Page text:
▪ Fourteen legislators — 9 Republicans, 5 Democrats — were elected after either a close primary or competitive general election battle, where they won the contest with less than 53 percent of the vote on Election Day. They were Sen. Maria Sachs, D-Delray Beach and Reps. Barbara Watson, D-Miami Gardens; Jennifer Sullivan, R-Mount Dora; Larry Lee Jr., D-Port St. Lucie; Rene Plasencia, R-Orlando; Jose Javier Rodriguez, D-Miami; Blaise Ingoglia, R-Spring Hill; Bob Cortes, R-Altamonte Springs; Mike Miller, R-Winter Park; Chris Sprowls, R-Palm Harbor; Bill Hager, R-Delray Beach; Shawn Harrison, R-Tampa; Dwayne Taylor, D-Daytona Beach; and Erik Fresen, R-Miami.

How intense was voter support?

In the Senate, 19 senators — almost half the chamber — were elected with fewer than 30 percent of their voters’ support, including those who had no votes cast for them because they were unchallenged. And just three senators can say they were elected by a true majority of their district’s voters. Sens. Bill Montford, D-Tallahassee; Chris Smith, D-Fort Lauderdale; and Don Gaetz, R-Niceville, were elected with support from more than 50 percent of registered voters in their district.

Eight had nominal opposition from third-party or write-in candidates. They were Gaetz, Senate Rules Chairman David Simmons, R-Altamonte Springs; Appropriations Chairman Tom Lee, R-Brandon; and Sens. Jack Latvala, R-Clearwater; Jeff Clemens, D-Lake Worth; Alan Hays, R-Umatilla; Oscar Braynon, D-Miami Gardens; and Darren Soto, D-Orlando. Another three senators had no general election competition, but faced a primary challenger.— Sens. Thad Altman, R-Rockledge; John Legg, R-Trinity; and Lizbeth Benacquisto, R-Fort Myers.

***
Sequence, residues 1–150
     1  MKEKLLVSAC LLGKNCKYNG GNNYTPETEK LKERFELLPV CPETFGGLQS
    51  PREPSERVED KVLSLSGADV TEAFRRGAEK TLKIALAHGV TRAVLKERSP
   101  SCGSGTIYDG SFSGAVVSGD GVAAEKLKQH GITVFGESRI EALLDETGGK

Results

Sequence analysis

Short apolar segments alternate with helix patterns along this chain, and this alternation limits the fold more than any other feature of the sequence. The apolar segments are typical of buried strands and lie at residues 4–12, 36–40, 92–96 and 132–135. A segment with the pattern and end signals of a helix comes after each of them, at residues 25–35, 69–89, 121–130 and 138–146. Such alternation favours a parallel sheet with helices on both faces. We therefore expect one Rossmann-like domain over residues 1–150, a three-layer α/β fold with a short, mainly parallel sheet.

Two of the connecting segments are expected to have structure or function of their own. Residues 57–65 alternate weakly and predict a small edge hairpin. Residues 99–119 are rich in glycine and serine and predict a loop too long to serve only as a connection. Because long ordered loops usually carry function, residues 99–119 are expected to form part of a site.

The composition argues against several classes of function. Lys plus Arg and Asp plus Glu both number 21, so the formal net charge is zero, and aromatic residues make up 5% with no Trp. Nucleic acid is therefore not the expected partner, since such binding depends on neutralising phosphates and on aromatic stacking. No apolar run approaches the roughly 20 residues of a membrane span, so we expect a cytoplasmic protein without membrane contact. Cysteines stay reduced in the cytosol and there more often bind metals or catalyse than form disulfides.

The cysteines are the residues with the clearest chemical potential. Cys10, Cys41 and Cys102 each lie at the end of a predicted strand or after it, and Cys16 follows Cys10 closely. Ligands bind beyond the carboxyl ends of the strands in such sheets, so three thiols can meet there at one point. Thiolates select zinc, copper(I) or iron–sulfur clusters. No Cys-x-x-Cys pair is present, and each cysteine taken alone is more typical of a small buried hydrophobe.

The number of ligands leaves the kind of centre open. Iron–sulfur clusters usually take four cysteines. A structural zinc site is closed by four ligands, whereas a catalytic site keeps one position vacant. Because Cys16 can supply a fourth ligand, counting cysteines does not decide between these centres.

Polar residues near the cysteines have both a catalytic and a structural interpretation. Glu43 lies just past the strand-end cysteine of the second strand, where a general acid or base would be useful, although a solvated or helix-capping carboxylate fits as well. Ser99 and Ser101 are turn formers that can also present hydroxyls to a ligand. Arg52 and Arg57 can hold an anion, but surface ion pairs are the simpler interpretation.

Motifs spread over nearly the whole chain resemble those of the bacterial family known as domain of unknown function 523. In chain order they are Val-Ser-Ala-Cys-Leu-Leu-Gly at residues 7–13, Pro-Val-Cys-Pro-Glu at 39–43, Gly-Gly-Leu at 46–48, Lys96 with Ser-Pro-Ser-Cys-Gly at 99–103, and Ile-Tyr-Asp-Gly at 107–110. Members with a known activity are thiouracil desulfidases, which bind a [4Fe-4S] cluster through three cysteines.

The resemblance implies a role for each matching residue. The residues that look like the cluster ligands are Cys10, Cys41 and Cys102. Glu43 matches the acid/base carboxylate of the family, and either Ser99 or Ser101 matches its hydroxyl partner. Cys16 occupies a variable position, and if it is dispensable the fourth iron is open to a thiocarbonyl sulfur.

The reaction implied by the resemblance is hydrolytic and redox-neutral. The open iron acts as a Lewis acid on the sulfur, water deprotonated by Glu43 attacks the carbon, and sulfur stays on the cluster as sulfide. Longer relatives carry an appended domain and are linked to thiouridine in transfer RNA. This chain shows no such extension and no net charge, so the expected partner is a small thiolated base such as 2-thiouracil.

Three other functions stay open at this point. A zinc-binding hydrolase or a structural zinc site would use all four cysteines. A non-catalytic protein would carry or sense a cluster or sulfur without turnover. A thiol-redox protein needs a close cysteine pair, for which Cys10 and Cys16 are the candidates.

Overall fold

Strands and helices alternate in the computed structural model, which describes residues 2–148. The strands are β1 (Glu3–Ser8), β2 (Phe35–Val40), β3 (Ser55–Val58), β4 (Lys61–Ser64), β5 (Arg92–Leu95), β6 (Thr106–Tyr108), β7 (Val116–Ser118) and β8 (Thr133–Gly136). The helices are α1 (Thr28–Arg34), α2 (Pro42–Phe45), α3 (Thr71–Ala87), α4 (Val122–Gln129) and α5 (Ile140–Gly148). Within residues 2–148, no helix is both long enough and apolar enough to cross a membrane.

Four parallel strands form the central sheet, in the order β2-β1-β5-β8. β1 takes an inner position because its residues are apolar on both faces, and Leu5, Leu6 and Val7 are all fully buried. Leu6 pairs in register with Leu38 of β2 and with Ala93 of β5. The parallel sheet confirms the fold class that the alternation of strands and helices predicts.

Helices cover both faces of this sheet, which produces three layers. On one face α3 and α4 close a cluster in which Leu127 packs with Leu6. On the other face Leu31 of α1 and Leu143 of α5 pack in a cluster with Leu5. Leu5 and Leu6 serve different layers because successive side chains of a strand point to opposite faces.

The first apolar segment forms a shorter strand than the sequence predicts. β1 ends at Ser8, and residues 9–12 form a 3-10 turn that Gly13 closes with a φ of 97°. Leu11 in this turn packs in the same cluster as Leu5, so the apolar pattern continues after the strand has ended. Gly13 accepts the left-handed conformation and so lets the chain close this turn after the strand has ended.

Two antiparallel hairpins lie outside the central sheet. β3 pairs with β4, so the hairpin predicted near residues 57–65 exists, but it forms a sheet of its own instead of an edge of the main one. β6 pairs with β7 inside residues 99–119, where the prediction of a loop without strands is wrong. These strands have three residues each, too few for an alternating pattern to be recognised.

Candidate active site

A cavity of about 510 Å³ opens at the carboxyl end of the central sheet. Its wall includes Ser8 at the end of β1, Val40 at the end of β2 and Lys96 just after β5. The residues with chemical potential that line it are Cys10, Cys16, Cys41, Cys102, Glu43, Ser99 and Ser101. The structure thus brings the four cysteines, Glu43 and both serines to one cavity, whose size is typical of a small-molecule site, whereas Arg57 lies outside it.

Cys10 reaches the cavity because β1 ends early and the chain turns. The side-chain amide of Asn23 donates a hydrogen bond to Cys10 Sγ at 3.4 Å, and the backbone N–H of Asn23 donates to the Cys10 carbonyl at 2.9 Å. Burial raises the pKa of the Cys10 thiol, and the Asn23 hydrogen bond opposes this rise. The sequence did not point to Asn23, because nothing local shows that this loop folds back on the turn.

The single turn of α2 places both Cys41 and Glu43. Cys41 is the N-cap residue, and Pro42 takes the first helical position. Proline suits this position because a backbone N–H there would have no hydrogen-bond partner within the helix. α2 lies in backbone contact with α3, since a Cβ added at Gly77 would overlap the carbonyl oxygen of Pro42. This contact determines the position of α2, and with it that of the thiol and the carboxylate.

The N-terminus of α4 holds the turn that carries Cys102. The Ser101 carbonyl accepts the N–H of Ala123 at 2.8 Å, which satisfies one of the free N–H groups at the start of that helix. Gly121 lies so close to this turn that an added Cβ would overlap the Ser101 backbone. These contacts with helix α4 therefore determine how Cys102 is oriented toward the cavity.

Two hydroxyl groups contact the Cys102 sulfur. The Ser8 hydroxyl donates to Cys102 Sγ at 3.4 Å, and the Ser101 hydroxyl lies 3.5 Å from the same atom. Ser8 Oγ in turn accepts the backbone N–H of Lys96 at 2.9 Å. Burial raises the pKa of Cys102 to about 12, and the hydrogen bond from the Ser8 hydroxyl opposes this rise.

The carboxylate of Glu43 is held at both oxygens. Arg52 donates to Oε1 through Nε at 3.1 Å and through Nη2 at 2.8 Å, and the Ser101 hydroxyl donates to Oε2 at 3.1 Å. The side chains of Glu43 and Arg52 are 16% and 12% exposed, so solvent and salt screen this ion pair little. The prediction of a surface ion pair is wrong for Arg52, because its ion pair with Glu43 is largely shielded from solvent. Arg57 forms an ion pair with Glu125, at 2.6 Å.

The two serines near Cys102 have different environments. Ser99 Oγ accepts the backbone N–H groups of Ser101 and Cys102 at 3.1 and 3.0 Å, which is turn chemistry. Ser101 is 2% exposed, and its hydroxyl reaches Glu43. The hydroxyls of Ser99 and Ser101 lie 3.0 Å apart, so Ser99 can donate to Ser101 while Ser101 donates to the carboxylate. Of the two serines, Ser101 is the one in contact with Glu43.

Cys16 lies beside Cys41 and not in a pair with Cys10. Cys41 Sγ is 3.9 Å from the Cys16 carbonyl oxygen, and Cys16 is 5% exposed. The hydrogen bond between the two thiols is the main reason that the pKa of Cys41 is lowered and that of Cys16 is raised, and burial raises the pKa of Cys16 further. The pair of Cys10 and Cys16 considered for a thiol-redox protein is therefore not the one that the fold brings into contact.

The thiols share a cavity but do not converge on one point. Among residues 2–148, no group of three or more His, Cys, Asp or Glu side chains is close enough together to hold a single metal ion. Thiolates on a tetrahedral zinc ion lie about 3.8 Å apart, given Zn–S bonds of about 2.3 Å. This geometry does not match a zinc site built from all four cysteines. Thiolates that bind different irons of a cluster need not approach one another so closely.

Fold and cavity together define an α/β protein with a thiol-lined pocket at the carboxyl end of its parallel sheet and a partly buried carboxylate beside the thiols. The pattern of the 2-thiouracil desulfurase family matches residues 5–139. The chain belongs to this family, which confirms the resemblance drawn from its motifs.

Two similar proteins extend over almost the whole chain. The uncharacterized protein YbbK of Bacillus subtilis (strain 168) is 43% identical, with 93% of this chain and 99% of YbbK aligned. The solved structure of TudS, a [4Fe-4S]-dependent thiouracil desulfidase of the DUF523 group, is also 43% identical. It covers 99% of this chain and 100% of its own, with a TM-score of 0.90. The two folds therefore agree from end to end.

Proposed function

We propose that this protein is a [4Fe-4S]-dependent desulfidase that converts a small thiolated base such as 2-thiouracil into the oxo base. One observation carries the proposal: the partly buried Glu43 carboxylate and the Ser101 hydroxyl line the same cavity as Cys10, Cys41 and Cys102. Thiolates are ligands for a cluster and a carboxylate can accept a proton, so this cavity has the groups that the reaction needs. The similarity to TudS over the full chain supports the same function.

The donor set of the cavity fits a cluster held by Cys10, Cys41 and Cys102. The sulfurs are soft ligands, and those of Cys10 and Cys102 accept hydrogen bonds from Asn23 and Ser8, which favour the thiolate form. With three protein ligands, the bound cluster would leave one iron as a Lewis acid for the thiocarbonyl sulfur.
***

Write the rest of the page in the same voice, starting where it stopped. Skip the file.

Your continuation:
In the House, 83 lawmakers — or 69 percent of the chamber — were voted in with fewer than 30 percent of their district’s voters, including those who had no opponents. Seven representatives, 5.8 percent, had no general election competition but faced a primary challenger — Watson, Sullivan and Reps. Michelle Rehwinkel Vasilinda, D-Tallahassee; Tom Goodson, R-Titusville; Matt Caldwell, R-North Fort Myers; Kevin Rader, D-Delray Beach; and Bobby DuBose, D-Fort Lauderdale.

There were 57 truly competitive House races, in which lawmakers faced a fight from either within their party during the primary or from the opposing party in the general election. Another 21 members, including Rep. Jose Oliva, R-Miami Lakes, the House redistricting chairman, had nominal opposition from third-party or write-in candidates.

In the House, however, no one drew a true majority of their district’s potential voters. Rep. Julio Gonzalez, R-Venice, was closest, receiving support from 43 percent of the registered voters in his district.

The reasons for the modest voter support ranges from low voter turnout to lack of competition. The legislature’s eight-year term limits, and the absence of competitive districts as a result of redistricting, reduce the number of opponents willing to take on a sitting legislator.

Low voter turnout doesn’t diminish the legislature’s power, but it does allow it to be concentrated in the hands of a few. Some of the most powerful members of both chambers were elected to office with no votes, often after amassing substantial fundraising money to fend off challengers. Their campaigns focused on raising money, often from powerful interests groups trying to influence the legislative agenda, but it didn’t include asking for ordinary people’s votes — because they didn’t have to.

In the House, those who had no competition include Appropriations Chair and Speaker-designate Richard Corcoran, R-Land O’Lakes; Rules Committee Chair Ritch Workman, R-Melbourne; Majority Leader Dana Young, R-Tampa; and Democratic Leader-designate Janet Cruz of Tampa.

In the Senate, the list of 12 walk-ins includes Democratic Leader Arthenia Joyner of Tampa; Redistricting Chair Bill Galvano, R-Bradenton; and Fiscal Policy Chair Anitere Flores, R-Miami.

On Monday, legislators return to Tallahassee for their annual fall committee hearings to decide which issues and whose agenda will get their attention when the 2016 session begins in January. They will plot strategies for acquiring coveted leadership spots. And they will host fundraisers, to collect contributions from special interests to finance their political committees — with the hopes that they, too, can be elected next time without a vote.